“You’d think the longer the environment has a chance to exert its effects, the more it would overcome the genetics,” Rettew says. “But it doesn’t seem to work that way. Intelligence, even personality traits…we have found that genetic influences get stronger as you get older.”

And at the same time, one cannot discount the impacts of parenting style and environment upon the developing personality. “While kids do resemble their parents, they are not carbon copies of their parents,” says Theodore Wachs, a psychologist at Purdue University who studies child development. “If only because the environmental context, broadly conceived, that kids grow up in may be quite different from the environmental context their parents grew up in.”

This is not a contradiction to the laws of behavioral genetics, because genes do not operate in a vacuum. A child may be genetically predisposed to anger (nature). But when this child is disciplined, the environment (nurture) may mitigate it in the long term — or conversely, an angry child may anger his or her parents, fueling the fire. It is futile to try to separate developmental influences on children into nature and nurture,” says George Holden, chair of the department of psychology at Southern Methodist University. “Both influences are constantly interacting with each other.” Put differently, dads may give their kids their angry streaks. But their parenting plays a large role in determining whether it fizzles out in childhood or boils over into adulthood.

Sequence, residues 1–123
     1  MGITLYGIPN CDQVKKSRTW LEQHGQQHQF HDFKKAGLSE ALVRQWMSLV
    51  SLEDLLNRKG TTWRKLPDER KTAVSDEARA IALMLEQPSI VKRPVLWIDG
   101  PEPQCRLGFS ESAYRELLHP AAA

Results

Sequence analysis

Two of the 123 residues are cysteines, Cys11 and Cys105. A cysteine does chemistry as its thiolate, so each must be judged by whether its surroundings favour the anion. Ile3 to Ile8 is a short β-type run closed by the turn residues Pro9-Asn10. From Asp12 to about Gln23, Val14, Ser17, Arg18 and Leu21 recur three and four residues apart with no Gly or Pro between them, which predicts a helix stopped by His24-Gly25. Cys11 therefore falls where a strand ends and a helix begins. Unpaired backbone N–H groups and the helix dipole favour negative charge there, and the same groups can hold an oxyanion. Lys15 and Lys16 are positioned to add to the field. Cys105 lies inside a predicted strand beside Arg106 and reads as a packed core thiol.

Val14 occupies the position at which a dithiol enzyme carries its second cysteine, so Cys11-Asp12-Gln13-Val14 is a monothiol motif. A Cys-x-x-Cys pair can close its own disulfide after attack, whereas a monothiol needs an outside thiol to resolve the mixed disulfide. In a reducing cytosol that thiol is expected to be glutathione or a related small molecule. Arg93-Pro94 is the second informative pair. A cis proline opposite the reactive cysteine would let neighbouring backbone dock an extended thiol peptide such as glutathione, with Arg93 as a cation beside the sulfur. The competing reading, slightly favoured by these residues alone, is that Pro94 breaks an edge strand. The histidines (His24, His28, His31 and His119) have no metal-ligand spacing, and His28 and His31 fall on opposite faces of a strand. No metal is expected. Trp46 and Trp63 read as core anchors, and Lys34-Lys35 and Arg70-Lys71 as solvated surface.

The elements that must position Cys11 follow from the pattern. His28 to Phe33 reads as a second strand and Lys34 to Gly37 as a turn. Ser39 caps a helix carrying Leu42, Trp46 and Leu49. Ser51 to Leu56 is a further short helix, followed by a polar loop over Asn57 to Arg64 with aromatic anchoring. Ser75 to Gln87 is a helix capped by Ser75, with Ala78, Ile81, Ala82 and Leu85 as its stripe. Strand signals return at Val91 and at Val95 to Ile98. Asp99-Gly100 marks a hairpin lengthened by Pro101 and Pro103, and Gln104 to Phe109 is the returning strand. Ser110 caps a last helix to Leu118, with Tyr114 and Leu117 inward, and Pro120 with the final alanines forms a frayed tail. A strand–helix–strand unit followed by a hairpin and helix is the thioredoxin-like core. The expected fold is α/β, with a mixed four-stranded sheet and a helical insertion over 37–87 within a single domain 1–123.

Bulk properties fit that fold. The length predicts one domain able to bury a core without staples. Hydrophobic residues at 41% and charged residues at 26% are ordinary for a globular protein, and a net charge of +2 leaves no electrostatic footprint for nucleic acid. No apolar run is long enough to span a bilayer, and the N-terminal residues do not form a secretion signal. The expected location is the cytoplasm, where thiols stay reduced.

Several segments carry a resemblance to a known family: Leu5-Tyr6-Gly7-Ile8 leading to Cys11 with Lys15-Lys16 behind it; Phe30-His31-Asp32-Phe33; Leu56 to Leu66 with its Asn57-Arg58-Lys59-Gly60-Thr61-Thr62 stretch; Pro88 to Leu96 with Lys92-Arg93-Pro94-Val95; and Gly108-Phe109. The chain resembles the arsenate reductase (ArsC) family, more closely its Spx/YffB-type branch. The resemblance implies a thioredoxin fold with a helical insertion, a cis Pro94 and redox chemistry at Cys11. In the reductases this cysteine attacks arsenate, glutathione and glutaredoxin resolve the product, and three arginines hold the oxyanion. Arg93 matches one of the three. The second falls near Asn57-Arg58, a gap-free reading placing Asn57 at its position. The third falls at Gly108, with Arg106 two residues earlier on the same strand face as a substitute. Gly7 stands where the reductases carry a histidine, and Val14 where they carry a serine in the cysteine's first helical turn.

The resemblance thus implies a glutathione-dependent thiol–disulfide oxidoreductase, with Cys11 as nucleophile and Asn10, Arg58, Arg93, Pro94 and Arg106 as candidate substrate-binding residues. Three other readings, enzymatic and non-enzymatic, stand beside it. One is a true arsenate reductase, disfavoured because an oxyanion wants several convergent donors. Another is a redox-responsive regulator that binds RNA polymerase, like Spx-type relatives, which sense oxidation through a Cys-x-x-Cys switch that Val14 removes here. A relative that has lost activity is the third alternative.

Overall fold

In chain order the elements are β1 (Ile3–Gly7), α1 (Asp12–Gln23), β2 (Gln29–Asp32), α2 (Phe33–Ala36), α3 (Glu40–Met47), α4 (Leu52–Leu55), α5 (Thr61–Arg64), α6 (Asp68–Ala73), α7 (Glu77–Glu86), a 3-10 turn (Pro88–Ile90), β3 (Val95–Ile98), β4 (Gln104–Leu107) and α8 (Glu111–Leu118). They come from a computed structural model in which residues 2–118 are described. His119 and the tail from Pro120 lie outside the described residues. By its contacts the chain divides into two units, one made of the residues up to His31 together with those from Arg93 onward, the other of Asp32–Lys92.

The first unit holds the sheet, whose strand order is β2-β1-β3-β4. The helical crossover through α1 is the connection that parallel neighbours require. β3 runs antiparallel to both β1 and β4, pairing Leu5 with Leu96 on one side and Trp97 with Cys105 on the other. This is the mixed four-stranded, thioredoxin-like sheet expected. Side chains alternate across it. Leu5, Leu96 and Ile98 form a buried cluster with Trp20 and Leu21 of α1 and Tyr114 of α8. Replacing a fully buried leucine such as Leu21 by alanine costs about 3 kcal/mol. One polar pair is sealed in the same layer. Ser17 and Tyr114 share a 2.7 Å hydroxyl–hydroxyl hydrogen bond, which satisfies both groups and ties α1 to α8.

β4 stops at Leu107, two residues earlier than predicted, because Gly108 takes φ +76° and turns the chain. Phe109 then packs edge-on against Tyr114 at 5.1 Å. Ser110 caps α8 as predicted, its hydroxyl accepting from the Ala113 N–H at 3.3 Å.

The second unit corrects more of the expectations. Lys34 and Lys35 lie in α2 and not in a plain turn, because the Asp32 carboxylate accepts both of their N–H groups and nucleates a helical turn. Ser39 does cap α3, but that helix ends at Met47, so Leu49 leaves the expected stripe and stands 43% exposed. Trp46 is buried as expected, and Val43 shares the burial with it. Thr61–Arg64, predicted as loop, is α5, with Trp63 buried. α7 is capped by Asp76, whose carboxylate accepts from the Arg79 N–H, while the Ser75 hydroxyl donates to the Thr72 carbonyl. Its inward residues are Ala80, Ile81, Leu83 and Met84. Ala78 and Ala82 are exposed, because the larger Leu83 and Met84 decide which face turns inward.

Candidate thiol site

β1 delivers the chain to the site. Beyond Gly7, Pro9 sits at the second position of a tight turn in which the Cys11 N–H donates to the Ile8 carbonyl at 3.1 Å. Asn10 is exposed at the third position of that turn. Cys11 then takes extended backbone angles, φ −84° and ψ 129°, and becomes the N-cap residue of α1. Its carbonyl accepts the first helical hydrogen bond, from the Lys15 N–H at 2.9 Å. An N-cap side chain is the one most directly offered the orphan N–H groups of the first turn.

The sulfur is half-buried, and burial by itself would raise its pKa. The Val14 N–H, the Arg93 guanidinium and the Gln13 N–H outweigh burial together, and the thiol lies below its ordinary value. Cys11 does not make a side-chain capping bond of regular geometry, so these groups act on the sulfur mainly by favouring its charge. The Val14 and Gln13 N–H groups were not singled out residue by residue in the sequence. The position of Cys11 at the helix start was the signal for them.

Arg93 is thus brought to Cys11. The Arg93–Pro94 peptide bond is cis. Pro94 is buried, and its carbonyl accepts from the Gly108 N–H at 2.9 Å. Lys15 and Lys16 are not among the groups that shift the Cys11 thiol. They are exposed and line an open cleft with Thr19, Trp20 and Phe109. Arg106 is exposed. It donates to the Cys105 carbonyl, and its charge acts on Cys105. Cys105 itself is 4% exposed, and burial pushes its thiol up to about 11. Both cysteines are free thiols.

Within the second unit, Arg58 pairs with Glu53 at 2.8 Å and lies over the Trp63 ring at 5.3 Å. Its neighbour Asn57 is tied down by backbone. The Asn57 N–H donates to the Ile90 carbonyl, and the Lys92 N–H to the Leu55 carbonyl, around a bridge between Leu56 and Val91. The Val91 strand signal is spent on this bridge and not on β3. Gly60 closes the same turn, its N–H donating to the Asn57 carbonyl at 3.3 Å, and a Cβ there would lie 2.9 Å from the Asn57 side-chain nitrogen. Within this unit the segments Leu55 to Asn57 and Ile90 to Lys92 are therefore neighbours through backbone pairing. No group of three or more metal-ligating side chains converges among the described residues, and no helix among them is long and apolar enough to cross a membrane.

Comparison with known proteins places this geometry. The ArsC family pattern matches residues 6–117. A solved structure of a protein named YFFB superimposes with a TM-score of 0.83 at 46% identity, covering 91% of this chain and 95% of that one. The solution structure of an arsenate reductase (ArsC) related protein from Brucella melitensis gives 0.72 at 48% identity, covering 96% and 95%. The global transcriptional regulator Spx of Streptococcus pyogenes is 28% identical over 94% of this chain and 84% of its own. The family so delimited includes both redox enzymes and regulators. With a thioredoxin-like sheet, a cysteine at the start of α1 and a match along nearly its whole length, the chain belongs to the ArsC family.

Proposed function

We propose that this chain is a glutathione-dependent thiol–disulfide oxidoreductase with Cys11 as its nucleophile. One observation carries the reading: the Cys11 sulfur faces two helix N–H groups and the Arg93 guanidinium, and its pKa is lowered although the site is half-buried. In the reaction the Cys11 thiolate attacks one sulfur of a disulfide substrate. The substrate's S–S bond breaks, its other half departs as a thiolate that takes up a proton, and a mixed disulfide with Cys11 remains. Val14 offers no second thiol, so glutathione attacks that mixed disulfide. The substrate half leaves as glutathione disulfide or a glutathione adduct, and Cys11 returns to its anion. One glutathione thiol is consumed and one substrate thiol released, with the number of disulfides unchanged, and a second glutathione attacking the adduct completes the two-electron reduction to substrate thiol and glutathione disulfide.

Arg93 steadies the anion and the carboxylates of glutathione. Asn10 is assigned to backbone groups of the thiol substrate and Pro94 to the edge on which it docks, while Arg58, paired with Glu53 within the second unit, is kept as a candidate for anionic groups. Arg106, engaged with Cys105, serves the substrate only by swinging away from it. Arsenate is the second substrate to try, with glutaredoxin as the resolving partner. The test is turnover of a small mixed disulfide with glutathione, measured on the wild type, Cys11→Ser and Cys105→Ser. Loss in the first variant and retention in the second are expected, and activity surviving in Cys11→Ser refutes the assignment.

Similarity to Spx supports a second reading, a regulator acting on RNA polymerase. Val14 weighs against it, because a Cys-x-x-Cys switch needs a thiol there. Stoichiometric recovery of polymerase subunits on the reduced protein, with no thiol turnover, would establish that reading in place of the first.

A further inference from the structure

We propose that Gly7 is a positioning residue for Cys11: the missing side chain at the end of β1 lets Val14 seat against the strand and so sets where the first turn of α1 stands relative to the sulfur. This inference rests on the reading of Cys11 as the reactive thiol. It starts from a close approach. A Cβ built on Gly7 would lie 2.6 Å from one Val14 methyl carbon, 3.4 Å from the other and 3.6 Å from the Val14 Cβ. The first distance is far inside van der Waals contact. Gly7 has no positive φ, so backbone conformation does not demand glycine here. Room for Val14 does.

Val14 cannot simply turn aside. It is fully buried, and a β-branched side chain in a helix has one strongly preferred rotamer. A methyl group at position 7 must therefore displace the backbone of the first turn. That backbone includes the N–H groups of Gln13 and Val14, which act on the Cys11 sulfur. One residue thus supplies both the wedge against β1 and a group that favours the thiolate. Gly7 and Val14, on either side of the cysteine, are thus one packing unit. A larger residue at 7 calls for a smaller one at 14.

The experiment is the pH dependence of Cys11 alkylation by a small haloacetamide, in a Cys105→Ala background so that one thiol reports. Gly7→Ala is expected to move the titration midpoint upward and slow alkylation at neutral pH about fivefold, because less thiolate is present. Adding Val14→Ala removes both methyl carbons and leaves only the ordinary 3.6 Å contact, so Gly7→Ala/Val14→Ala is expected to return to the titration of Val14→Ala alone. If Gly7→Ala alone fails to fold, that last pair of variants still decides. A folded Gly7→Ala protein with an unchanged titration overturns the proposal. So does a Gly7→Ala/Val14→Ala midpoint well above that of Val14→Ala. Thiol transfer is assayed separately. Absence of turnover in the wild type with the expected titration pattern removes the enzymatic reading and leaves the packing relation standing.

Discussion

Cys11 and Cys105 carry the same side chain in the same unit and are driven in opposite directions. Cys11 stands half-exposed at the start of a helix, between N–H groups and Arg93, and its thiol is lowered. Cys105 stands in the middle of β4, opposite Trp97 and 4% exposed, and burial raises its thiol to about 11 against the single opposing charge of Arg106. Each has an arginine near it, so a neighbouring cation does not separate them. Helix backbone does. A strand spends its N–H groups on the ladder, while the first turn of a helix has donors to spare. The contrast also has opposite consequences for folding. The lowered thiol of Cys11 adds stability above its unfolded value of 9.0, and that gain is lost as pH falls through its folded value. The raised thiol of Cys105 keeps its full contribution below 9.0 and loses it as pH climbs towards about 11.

Parenting With the Power of Behavioral Genetics

The question is what to do with this information. Our children are, for better or worse, just like us. And although nurture can change that, a lot of those environmental effects are on us, too. Through nature and nurture, we mold our children’s personalities. Should we let them know?